This means that whilst you may receive a caution for a more serious offence against a stranger you are unlikely to receive a caution for a domestic violence related offence. Once again this is a point at which a solicitor may be able to assist as we are able to liaise with the Crown and where appropriate highlight how your particular circumstances may be considered an exception.
Will I Get Bail For Domestic Violence?
Given that most offences of domestic violence are alleged to take place in the family home, it is often the case that bail is refused on the grounds that there is a risk that the individual accused would return to the address and commit further offences and / or interfere with witnesses. It is therefore often the case that individuals who have never been arrested before are accused of minor offences, but because they are deemed as “domestic violence” they spend many hours in a police cell before being put before the next available court. If the arrest takes place on a Saturday, you are likely to remain in custody until the next available court on the following Monday.
If the matter does proceed to charge and court the hearing is now held in a specialist “domestic violence court”. This is staffed by personnel who have been specifically trained.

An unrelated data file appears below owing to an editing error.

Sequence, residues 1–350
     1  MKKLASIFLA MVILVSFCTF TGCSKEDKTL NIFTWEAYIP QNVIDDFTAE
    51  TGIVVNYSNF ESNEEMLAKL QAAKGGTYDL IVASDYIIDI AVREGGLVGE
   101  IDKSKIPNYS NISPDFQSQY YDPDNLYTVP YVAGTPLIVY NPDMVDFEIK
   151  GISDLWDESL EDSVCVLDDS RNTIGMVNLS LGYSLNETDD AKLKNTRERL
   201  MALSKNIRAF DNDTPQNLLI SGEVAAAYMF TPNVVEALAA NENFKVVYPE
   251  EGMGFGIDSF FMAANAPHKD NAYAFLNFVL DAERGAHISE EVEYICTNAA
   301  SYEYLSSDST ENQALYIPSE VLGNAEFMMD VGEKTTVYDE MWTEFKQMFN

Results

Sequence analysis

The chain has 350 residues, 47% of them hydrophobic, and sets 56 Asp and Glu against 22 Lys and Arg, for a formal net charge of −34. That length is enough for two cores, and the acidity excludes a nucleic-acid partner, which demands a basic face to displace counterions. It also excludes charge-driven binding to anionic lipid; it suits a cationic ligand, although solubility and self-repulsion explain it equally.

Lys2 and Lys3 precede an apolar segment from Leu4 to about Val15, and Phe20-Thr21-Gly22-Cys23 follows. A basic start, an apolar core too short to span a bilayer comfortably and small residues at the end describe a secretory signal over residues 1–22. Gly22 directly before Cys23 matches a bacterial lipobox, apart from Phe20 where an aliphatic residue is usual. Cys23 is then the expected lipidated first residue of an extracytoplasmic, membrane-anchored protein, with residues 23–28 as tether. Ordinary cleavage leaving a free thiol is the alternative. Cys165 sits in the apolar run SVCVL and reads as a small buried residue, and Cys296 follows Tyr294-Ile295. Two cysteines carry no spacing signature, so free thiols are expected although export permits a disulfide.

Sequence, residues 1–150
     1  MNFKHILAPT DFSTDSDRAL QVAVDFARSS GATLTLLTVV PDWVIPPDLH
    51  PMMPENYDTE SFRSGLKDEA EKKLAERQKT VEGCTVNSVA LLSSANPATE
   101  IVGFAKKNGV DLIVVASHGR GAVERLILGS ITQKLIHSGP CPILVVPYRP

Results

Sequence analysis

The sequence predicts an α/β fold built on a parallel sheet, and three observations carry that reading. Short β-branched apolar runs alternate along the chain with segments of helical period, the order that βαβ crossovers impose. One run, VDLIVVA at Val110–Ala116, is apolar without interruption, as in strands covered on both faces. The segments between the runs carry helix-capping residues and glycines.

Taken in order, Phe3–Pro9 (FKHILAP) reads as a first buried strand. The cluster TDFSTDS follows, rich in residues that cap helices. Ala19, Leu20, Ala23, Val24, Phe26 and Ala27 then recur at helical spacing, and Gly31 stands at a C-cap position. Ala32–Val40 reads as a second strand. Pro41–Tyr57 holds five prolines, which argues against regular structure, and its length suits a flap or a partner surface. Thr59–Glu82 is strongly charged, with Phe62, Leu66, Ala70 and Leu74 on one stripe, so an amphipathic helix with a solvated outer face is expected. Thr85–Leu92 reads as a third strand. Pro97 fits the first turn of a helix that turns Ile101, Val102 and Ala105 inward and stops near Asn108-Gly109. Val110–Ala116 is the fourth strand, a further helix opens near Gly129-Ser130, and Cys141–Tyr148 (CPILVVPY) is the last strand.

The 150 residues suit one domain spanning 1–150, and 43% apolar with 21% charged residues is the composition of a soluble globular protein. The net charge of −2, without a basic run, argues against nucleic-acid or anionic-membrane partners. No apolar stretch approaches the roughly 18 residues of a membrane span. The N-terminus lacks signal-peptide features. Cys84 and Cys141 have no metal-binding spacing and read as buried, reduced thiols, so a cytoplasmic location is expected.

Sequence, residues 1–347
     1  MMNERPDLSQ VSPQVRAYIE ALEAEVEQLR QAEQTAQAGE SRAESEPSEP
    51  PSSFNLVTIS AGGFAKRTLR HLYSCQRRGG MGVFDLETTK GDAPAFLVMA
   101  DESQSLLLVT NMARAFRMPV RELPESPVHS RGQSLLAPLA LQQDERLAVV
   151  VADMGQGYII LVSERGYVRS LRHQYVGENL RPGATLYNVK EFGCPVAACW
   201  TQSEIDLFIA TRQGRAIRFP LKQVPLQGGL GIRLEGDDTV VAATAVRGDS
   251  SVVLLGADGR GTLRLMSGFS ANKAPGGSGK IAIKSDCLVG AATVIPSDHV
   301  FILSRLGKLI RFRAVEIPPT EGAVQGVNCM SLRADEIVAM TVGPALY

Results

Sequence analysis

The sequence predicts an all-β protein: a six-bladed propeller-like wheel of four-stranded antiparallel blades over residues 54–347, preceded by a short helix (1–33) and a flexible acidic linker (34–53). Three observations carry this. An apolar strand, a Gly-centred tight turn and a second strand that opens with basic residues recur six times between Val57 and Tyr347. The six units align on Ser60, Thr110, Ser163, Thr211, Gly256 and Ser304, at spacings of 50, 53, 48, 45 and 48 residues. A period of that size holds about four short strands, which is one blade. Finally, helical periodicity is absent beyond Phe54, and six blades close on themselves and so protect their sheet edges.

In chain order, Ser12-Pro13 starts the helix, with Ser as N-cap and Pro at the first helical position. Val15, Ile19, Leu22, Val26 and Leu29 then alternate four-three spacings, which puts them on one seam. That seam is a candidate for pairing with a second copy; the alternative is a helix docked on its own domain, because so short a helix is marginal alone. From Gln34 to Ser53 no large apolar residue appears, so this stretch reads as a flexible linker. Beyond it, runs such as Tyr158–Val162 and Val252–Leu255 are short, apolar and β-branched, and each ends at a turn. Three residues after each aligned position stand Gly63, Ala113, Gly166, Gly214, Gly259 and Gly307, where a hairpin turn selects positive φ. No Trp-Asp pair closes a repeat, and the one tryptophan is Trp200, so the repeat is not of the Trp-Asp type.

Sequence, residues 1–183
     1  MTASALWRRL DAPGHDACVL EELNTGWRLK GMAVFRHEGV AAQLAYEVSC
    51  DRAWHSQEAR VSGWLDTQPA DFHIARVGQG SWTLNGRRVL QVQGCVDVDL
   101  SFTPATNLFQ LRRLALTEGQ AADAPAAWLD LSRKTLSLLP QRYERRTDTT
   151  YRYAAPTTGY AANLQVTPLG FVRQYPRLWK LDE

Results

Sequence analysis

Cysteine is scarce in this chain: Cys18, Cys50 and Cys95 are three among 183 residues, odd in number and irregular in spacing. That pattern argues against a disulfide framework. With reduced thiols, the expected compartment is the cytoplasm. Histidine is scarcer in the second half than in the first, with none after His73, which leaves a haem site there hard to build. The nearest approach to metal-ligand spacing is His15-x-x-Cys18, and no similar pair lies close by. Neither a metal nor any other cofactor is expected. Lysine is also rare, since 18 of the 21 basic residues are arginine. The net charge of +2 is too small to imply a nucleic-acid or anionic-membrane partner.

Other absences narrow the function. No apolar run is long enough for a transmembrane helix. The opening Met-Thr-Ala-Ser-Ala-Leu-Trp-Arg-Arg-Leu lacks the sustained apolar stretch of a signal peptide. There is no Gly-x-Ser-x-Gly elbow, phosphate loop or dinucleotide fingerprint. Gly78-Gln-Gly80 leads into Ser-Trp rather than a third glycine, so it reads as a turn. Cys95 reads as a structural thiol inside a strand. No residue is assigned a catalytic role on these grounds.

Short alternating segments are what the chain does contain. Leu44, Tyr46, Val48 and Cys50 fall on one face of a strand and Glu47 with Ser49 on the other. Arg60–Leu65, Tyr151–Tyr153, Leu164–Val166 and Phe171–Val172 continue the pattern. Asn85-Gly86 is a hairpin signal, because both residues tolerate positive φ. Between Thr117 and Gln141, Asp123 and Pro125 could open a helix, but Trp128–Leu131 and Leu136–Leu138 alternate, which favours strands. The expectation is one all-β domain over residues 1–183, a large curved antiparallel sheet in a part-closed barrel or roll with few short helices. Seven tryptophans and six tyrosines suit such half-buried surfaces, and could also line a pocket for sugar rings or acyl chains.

The consequences of a conviction can be far reaching. The court has the power to make a restraining order which if breached is punishable with imprisonment in its own right. Outside of the criminal courts you may find that social services become involved with the family and possibly proceedings commenced within the Family Courts.
Even if Not Prosecuted The Police Can Make an Application For a Domestic Violence Prevention Order”
The policy is one of “prosecution first”! Often the complainant will have second thoughts for one of many reasons but they should be aware that the Crown may and do seek both witness summonses and in some circumstances witness warrants to ensure the witness attends court. In the absence of a witness it is also open to the Crown to make formal applications to have evidence admitted under various legal routes. The fact that the complainant has not turned up will not of itself bring an end to the proceedings.
In light of the current policy we would urge that you seek legal advice. Legal advice if free if you are under arrest at the police station (or present as a volunteer) and by having legal advice may well alter the turn of events.
We have experienced solicitors and accredited representatives on call 24 hours a day, 7 days a week (yes including all bank holidays and religious festivals) advising suspects arrested at police stations throughout the North West of England and beyond. Please call us on 0161 827 9500 if you require further advice or assistance on this subject.
Louise Straw, Burton Copeland
Louise is the Managing Partner at Burton Copeland. She is a Duty Solicitor and regularly attends police stations in order to advise suspects who are to be interviewed in relation to all manner of offences including alleged domestic violence. Contact Louise here or if you want to read more about her and the work that she does see our about us page.